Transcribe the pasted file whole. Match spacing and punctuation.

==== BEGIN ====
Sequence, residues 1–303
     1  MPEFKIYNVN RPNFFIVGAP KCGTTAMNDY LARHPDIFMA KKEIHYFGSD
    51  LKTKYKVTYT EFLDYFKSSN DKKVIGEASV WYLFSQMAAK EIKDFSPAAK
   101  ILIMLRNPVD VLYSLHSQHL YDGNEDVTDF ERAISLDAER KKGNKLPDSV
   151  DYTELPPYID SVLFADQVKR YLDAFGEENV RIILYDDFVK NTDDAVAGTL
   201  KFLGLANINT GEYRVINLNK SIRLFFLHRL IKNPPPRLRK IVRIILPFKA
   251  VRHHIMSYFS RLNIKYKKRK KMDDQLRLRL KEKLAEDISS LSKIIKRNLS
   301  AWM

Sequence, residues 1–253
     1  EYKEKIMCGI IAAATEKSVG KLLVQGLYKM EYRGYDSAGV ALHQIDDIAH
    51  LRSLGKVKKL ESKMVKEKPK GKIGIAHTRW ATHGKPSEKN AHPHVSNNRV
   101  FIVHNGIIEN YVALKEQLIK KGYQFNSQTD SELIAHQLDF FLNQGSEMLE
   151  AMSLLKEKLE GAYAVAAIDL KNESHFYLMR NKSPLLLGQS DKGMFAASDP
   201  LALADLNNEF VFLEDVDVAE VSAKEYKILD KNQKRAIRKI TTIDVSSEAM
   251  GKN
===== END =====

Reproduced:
Sequence, residues 1–303
     1  MPEFKIYNVN RPNFFIVGAP KCGTTAMNDY LARHPDIFMA KKEIHYFGSD
    51  LKTKYKVTYT EFLDYFKSSN DKKVIGEASV WYLFSQMAAK EIKDFSPAAK
   101  ILIMLRNPVD VLYSLHSQHL YDGNEDVTDF ERAISLDAER KKGNKLPDSV
   151  DYTELPPYID SVLFADQVKR YLDAFGEENV RIILYDDFVK NTDDAVAGTL
   201  KFLGLANINT GEYRVINLNK SIRLFFLHRL IKNPPPRLRK IVRIILPFKA
   251  VRHHIMSYFS RLNIKYKKRK KMDDQLRLRL KEKLAEDISS LSKIIKRNLS
   301  AWM

Sequence, residues 1–253
     1  EYKEKIMCGI IAAATEKSVG KLLVQGLYKM EYRGYDSAGV ALHQIDDIAH
    51  LRSLGKVKKL ESKMVKEKPK GKIGIAHTRW ATHGKPSEKN AHPHVSNNRV
   101  FIVHNGIIEN YVALKEQLIK KGYQFNSQTD SELIAHQLDF FLNQGSEMLE
   151  AMSLLKEKLE GAYAVAAIDL KNESHFYLMR NKSPLLLGQS DKGMFAASDP
   201  LALADLNNEF VFLEDVDVAE VSAKEYKILD KNQKRAIRKI TTIDVSSEAM
   251  GKN